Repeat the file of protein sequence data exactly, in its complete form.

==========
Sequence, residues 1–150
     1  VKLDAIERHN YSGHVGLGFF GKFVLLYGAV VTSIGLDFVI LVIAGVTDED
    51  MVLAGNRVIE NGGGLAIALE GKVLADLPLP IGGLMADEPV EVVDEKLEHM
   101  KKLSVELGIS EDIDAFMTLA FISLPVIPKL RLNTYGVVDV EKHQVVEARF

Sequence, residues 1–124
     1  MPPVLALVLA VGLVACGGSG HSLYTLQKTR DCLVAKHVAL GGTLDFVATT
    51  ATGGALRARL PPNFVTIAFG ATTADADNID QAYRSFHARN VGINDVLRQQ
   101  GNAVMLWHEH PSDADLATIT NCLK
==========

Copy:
Sequence, residues 1–150
     1  VKLDAIERHN YSGHVGLGFF GKFVLLYGAV VTSIGLDFVI LVIAGVTDED
    51  MVLAGNRVIE NGGGLAIALE GKVLADLPLP IGGLMADEPV EVVDEKLEHM
   101  KKLSVELGIS EDIDAFMTLA FISLPVIPKL RLNTYGVVDV EKHQVVEARF

Sequence, residues 1–124
     1  MPPVLALVLA VGLVACGGSG HSLYTLQKTR DCLVAKHVAL GGTLDFVATT
    51  ATGGALRARL PPNFVTIAFG ATTADADNID QAYRSFHARN VGINDVLRQQ
   101  GNAVMLWHEH PSDADLATIT NCLK